Unraveling the Mysteries of Chemo-Brain

photo of Jamie Meyers, Ph.D., RN, AOCNS

WHEN CAROLYN HANSON STARTED CHEMOTHERAPY for ovarian cancer in 2016, she noticed that she was having to concentrate harder to read. She suspected her mental fuzziness was caused by the sleep deprivation and anesthesia from the surgeries she’d undergone to begin her treatment, compounded by a gastrointestinal bug. But her difficulties with thinking and remembering persisted for months after the chemotherapy ended. A bass guitarist in a rock band, Hanson even began having trouble with her music.

“I had forgotten all my bass lines,” she said. “Every last one. I had to relearn them all.”

Hanson is not alone. Nearly three-quarters of cancer patients experience a kind of mental fog that accompanies treatment, especially chemotherapy, and can last for months after treatment ends. This condition has been dubbed chemo-brain. A talented multi-tasker suddenly might find herself unable to keep track of her schedule or remember her home address. Trouble retrieving the right word is a classic complaint.

“It was particularly galling if it happened when I was in a meeting at work,” Hanson said.

A decade ago, health care providers typically did not talk to cancer patients about cognitive changes. Instead, patients were left doubting themselves while coping with symptoms that affect their quality of life and sometimes even their employment. When Hanson, who works as an IT project manager, landed back on the job market at the same time she was struggling mentally, she prepared for interviews if she were cramming for an exam, for skills for which she had certifications.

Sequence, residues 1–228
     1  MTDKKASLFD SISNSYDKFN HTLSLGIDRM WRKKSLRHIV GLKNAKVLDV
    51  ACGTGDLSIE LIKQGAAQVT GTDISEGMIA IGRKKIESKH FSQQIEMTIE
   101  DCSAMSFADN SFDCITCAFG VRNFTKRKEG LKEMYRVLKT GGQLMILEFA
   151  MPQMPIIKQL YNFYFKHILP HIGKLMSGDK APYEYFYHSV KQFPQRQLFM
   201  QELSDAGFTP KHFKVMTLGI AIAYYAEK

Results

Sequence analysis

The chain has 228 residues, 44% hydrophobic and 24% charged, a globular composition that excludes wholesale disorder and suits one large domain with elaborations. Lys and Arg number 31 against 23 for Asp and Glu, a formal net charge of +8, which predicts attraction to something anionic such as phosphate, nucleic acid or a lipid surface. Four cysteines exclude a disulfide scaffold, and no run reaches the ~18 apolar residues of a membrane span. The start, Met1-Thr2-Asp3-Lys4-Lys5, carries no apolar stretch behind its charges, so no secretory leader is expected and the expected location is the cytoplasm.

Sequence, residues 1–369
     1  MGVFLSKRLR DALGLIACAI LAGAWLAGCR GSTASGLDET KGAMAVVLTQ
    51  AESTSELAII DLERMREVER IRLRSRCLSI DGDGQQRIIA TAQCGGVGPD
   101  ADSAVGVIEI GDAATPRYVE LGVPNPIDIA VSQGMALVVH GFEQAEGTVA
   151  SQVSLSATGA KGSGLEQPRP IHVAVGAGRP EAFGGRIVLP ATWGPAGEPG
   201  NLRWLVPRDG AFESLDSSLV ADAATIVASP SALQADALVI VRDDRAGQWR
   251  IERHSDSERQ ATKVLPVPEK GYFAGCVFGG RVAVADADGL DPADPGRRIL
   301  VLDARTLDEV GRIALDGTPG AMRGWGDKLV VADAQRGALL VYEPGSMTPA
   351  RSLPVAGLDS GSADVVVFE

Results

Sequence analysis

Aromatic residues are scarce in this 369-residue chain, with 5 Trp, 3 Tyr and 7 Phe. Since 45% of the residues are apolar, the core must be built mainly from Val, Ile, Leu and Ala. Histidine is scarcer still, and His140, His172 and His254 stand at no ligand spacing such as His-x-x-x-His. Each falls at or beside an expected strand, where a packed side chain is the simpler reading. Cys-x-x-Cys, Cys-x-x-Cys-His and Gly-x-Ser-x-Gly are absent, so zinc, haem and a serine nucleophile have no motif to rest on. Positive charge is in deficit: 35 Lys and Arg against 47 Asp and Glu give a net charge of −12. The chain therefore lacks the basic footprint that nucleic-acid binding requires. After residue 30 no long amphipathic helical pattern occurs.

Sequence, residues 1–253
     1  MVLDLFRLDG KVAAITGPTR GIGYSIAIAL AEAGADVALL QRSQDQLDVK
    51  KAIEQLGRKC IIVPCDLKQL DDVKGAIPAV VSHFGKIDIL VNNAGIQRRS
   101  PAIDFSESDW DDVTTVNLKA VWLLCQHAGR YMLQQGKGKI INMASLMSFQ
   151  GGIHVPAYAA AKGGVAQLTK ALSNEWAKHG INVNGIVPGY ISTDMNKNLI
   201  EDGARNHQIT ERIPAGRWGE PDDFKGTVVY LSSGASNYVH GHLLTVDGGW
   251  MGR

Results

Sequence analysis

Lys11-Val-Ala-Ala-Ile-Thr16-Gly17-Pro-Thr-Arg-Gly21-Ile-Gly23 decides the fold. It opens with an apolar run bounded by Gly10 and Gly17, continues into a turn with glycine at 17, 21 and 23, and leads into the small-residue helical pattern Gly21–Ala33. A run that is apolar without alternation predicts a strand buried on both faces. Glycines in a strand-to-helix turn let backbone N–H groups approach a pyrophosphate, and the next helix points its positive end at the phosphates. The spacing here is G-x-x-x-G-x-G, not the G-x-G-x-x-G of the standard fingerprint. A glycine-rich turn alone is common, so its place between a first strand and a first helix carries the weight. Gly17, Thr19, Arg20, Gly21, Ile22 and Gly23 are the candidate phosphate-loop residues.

“I was really frightened that I was going to freeze during the interview,” she remembered.

Today, thanks to the work of people like Jamie Myers, Ph.D., RN, AOCNS®, research assistant professor at the University of Kansas School of Nursing, chemo-brain is now understood as an authentic condition.

Myers had spent 20 years as an oncology nurse administering chemotherapy but was unaware of the mental haze patients can experience. After she returned to the KU School of Nursing to pursue her doctorate, she listened to a panel discussion that included a breast cancer patient who had worked as an intensive-care nurse. The patient had not returned to the ICU after treatment because she didn’t feel equal to the job’s mental challenges.

“She actually had to change jobs,” Myers said. “That’s when a light bulb went off for me. I knew that addressing this problem was where I wanted to focus my research.”

Myers could find very little written that offered even a cursory description of chemo-brain, let alone any protocol for advising patients about it. So that’s where she started. In 2012, she published a study describing the cognitive impairment of many breast cancer patients and the mechanisms they used to cope, including simple strategies such as writing things down and doing more exercise. That study helped provide a framework for understanding these mental changes and developing educational tools for patients. Today, far more cancer patients are warned about cognitive difficulties, including trouble with language, concentrating and remembering.

Cathy Glennon RN, MHS, OCN, NE-BC, director of patient and community education at The University of Kansas Cancer Center, says when cancer patients talk to her about their new mental struggles, the first, and maybe most important, thing she does is validate their experience.